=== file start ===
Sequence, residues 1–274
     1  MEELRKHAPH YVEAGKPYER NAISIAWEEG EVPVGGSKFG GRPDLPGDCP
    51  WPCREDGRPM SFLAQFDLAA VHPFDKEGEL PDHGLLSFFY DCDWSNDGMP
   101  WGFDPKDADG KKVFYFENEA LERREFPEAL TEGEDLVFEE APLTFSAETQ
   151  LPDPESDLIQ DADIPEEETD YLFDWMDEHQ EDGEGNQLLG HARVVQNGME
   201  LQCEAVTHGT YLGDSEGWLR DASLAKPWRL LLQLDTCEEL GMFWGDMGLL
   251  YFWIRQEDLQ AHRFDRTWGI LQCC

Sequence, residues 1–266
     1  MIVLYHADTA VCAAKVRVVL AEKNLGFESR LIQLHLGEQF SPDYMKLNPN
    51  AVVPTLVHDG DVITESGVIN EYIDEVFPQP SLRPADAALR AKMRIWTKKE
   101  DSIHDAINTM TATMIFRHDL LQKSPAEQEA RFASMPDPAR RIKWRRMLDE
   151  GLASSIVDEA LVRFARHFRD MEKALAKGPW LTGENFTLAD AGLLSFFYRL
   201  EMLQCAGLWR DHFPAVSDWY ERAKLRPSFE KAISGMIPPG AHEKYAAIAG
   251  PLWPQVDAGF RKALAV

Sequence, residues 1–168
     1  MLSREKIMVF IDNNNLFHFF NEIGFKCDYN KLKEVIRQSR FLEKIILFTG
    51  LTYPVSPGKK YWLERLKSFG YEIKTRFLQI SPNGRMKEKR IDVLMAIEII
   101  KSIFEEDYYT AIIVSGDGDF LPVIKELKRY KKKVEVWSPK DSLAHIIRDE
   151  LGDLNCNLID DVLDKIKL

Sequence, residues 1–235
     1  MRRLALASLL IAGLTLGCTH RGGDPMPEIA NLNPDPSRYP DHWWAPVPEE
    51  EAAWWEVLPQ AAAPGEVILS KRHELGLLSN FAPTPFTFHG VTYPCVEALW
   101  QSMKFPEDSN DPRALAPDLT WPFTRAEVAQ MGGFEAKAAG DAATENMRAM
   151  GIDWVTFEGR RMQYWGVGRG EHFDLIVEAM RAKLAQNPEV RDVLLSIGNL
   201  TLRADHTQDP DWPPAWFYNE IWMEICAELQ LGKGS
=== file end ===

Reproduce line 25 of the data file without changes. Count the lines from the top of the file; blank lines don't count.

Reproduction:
   201  TLRADHTQDP DWPPAWFYNE IWMEICAELQ LGKGS